But that dichotomy runs up a blind alley, says Jenkins. There is simply no way to effectively police popular culture because that would mean controlling every individual exposed to it. "Culture is something we all participate in," says Jenkins. "We're all in dialogue with the cultural materials that come out there."

The dialogue Jenkins mentions extends beyond media-related culture as well. Consider two examples that range far beyond the unholy trinity of TV, movies, and music, and that point out just as strongly the fallacy of reining in pop culture: pogs and the use of "blunt" cigars for smoking pot.

Pogs, hailed and bemoaned as "the marbles of the '90s," are colorfully decorated, silver-dollar-sized cardboard circles that kids play with. Costing anywhere from a dime up to a couple of dollars, pogs are currently a multimillion-dollar-a-year industry, complete with "official" world championships and trademark disputes galore. A number of schools across the country have banned pogs, which they blame for inciting fights, theft, student inattentiveness, and generally bad behavior.

In a game of pogs, kids stack a number of the circles and then "slam" them with a heavy plastic or metal piece, the winner keeping any pogs that have flipped over. The craze started a few years ago on Oahu, when an elementary school teacher showed her students a Depression-era game played with milk bottle caps. The current incarnation of the game gets its name from the lids of a local juice drink called POG, which stands for passion fruit-orange-guava juice. The game of pogs migrated from Hawaii to the West Coast and then headed eastward. Along the way, a California businessman bought the POG trademark and various companies started making intricately designed pogs bearing images of celebrities.

The POG phenomenon is an unpredictable mix of ground up and top-down forces, of accident and design, impossible to predict and, according to most industry observers, already in decline. Teachers can breathe easy--until the next fad shows up on the playground.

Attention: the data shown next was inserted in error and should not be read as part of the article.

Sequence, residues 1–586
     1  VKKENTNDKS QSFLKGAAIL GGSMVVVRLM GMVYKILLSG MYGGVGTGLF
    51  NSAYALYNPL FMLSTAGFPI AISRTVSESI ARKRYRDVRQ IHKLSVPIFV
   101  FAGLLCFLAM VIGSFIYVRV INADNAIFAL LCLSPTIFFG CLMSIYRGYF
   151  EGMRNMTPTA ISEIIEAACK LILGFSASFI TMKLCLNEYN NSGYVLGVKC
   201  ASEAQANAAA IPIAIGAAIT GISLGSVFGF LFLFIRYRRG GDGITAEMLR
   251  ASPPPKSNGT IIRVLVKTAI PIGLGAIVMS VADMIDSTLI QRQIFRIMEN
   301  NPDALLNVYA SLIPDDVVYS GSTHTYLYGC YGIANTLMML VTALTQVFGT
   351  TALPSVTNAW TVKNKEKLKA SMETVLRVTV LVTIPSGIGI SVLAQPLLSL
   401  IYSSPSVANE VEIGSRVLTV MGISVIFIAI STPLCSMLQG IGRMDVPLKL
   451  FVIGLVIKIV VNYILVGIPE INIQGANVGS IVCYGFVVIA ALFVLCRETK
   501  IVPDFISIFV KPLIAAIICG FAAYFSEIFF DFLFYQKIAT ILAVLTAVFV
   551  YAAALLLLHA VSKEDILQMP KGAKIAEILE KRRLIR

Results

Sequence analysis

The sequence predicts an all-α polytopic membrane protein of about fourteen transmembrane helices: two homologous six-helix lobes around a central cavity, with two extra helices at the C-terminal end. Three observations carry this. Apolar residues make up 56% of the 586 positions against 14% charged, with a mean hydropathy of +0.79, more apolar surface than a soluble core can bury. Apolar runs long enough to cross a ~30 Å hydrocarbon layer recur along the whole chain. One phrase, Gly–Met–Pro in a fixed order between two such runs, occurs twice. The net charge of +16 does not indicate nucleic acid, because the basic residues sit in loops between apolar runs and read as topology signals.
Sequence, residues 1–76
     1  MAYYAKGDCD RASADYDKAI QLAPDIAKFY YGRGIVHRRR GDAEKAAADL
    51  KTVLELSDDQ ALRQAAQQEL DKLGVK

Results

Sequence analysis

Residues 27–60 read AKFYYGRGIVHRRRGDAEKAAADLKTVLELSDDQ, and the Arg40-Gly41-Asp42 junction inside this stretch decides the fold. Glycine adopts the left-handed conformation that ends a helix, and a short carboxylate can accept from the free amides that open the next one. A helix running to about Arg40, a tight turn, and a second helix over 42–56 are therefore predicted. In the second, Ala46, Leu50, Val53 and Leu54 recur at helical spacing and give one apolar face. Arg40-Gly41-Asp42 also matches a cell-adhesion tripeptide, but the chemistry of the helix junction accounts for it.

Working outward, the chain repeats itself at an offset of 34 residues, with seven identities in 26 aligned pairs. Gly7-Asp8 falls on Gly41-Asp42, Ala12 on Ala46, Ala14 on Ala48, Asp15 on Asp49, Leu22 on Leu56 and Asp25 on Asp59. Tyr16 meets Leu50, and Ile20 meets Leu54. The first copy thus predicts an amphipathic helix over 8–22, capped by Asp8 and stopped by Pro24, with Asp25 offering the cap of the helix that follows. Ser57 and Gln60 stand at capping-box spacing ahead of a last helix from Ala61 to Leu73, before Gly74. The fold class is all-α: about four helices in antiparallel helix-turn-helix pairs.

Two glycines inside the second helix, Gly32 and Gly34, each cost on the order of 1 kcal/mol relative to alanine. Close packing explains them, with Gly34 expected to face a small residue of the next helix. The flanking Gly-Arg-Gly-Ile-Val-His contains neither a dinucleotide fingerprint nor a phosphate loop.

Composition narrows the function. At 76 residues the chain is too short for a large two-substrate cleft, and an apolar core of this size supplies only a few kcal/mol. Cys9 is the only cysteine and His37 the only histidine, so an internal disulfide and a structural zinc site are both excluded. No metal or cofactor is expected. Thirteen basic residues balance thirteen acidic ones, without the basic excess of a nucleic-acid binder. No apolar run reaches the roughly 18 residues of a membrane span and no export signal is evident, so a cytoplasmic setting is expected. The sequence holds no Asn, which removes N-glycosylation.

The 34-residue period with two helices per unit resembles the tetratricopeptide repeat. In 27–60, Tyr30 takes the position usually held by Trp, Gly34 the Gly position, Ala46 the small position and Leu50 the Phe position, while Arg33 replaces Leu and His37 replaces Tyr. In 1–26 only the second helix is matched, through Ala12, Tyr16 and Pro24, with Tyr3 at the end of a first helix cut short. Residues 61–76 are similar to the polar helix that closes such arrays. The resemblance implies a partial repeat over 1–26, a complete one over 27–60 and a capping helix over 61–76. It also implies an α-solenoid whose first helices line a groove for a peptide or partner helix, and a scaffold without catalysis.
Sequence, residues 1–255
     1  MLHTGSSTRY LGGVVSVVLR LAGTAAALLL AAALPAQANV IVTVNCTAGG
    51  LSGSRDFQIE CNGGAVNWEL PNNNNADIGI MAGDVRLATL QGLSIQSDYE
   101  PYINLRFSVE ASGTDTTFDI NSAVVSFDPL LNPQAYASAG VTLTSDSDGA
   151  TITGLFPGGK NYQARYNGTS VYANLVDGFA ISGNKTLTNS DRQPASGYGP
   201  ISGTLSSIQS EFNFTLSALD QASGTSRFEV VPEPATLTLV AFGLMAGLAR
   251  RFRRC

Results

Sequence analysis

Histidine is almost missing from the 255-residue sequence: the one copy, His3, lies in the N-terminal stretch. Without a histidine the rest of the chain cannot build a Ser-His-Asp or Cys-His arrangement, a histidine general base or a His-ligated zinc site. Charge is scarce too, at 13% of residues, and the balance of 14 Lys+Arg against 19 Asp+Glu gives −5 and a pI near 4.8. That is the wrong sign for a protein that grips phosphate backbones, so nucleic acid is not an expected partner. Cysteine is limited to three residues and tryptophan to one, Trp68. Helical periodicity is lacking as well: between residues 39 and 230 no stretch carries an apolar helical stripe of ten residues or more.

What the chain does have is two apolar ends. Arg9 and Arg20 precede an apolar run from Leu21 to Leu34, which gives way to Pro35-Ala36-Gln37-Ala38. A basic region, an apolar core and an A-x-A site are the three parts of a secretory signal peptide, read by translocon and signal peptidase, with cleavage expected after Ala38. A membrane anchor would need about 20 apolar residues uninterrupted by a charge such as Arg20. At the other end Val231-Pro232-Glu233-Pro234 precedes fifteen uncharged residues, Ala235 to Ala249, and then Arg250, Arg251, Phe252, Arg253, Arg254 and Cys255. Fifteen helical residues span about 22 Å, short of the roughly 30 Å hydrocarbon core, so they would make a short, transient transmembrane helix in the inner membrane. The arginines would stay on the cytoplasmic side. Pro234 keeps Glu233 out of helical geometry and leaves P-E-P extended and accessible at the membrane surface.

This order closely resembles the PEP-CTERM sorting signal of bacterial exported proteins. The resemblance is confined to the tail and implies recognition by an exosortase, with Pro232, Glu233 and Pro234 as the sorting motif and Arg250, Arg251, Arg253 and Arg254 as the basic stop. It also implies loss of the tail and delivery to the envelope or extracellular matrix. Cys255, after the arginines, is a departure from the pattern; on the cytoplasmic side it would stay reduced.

The use of "blunt" cigars, particularly the brand Phillies Blunts, is an example of pop culture appropriation. A few years ago--like many pop phenomena, the origins are hazy--teenage boys started buying blunts--cheap, medium thickness cigars--cutting them open, hollowing them out, and replacing most of the tobacco with marijuana (girls apparently enjoy Tiparillos). After the rap groups Cypress Hill and Beastie Boys started sporting Phillies Blunts T-shirts and hats in concert, wearing Phillies Blunts paraphernalia became something of a fashion statement as well.

The makers of Phillies Blunts, Hav-A-Tampa Inc., have seen sales jump, an increase largely attributed to the unintended and unauthorized use of the product. Some tobacco stores have stopped selling the brand because of its new connotations, but the trend continues. It will no doubt pass out of favor at some point, only to be replaced by another equally unforeseeable object.

As with all market-based exchanges, knowledge, value, and power in popular culture are dispersed. And reining in popular culture--or, more precisely, the meaning of a particular piece of pop culture--is like trying to nail Jell-O to the wall. It's messy, difficult, and doesn't make a whole lot of sense. Regulators and paternalists are in the difficult position of stanching the dynamic flow of culture. They can outlaw "gratuitous" violence in movies, censor inflammatory lyrics in rock and rap, plant a V-chip in every television in the country. But they will still be frustrated in their attempts to keep pop culture--and its creators--in line. In that sense, they are like Canute attempting to hold back the waves, Gatsby striving to relive the past, or perhaps more appropriately, the castaways forever trying to get off Gilligan's Island: It just can't be done.